By Rick Sallinger

AURORA, Colo. (CBS4)– It all began last August with what Brittney Gilliam called a “Sunday, Funday;” she and four young girls in the family went to get their nails done and then some ice cream. But things suddenly changed when Aurora police mistakenly thought they were in a stolen car.

The video of the children face down on the hot asphalt in a parking lot, held at gunpoint, went viral. Police had the right license number, but it was for a motorcycle with Montana plates, not Brittney Gilliam’s car.

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(credit: Jenni Wurtz)

At the time Gilliam told CBS4’s Rick Sallinger, “That’s not a mistake, that’s a choice that you made. At any point in time you could have changed the route that it was going.”

Now she is suing not just the City of Aurora, but each of the police officers involved.

David Lane, the attorney for Gilliam and the children, said it’s the first such lawsuit under the new Police Accountability Bill passed by Colorado lawmakers after the death of George Floyd.

(credit: Aurora Police)

“If the department concludes at the end of this case that these cops should have known better than to pull guns on a 6-year-old, they are going to be responsible out of their own pocket for up to $20,000 of any settlement or judgement,” Lane said.

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In the lawsuit, a number of other cases were cited as examples of Aurora police mistreatment of minorities, including that of Elijah McClain. He died after being stopped by police after a call that he was walking down the street acting strange. McClain was injected with Ketamine and placed in a restraining hold.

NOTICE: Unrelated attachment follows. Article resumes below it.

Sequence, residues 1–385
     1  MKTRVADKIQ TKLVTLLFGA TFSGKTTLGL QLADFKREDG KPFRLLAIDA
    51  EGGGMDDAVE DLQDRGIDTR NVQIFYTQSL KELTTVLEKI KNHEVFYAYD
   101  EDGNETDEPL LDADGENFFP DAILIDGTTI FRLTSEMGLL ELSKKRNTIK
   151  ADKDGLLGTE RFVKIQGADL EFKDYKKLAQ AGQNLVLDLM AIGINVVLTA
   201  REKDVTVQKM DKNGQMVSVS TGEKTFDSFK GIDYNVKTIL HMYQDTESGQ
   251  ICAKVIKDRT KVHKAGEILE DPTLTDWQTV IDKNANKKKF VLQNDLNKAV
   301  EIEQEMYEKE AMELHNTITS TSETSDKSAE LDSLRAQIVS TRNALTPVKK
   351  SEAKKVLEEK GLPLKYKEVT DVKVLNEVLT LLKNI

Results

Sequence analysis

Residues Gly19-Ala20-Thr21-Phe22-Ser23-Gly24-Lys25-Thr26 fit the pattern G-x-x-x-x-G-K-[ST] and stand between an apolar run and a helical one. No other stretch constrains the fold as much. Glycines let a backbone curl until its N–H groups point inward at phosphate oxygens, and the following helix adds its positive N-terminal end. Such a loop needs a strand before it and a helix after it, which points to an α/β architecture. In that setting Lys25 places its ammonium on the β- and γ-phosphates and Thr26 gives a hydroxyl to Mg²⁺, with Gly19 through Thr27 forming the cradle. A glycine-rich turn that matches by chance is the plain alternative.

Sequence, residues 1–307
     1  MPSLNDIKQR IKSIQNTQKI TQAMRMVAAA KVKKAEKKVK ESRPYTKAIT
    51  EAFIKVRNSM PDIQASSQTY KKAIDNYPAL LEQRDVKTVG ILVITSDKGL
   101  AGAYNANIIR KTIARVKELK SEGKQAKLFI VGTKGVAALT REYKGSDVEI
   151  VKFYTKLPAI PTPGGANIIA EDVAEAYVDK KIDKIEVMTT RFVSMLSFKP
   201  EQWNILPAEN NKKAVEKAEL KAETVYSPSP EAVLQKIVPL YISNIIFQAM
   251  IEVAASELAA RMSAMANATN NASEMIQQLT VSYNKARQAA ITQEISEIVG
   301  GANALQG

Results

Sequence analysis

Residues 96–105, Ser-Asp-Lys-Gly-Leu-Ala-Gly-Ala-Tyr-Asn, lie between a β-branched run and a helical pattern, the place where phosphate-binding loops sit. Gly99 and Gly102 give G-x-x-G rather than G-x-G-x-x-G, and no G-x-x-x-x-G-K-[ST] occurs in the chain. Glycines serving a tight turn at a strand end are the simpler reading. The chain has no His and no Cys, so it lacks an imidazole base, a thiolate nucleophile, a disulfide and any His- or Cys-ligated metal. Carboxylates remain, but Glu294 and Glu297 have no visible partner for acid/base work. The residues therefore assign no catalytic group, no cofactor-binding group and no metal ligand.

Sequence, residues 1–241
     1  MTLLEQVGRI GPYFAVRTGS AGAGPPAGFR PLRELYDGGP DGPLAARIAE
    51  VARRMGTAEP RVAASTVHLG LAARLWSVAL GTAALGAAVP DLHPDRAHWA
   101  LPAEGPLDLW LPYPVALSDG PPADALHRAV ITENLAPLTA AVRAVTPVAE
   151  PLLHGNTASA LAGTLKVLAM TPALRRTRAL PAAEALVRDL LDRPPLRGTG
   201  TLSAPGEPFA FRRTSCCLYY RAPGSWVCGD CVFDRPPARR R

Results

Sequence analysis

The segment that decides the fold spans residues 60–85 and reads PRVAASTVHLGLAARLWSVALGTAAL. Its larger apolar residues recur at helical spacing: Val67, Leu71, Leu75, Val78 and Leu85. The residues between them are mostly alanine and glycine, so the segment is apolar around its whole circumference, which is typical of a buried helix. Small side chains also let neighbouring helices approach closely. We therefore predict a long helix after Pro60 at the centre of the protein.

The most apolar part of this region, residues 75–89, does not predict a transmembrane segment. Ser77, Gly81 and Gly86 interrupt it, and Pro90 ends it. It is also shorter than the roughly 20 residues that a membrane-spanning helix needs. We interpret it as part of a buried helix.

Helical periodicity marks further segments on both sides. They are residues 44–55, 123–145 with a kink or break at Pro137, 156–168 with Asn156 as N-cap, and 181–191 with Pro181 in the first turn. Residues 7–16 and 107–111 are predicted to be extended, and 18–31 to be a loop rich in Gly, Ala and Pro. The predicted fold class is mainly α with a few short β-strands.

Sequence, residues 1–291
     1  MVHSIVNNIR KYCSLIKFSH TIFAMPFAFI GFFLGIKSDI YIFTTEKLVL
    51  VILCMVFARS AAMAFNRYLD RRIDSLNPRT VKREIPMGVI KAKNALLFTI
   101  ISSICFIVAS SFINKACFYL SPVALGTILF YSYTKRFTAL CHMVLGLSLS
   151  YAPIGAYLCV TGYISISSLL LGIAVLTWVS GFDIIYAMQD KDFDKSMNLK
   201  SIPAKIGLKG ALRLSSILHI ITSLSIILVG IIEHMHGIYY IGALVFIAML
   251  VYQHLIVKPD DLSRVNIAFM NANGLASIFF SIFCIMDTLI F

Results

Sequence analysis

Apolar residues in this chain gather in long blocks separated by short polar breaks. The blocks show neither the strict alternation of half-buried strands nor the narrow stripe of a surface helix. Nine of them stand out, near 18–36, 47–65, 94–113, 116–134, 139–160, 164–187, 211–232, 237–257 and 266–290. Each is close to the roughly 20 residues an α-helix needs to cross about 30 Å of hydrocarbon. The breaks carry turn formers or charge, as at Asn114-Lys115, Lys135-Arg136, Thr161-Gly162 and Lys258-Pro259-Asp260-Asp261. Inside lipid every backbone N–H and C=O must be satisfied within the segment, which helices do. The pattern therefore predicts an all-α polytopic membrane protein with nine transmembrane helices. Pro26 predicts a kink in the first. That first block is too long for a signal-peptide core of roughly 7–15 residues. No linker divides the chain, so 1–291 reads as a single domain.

Elijah McClain (credit: CBS)

The City of Aurora says the officers followed protocol, but they have adjusted training practices and have offered to pay for therapy for the children.

Gilliam said in August, “They are never going to be ok, that was a traumatic experience. Would your kids be ok after that?”

She says it is a scene that is playing over and over again in their minds since that day.

The lawsuit, filed in Arapahoe County District Court, is asking for more than just money, it’s asking for an apology in writing from the Aurora Police Department.

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The Arapahoe District Attorney’s Office recently announced it would not file criminal charges against the police officers involved in the incident.

Rick Sallinger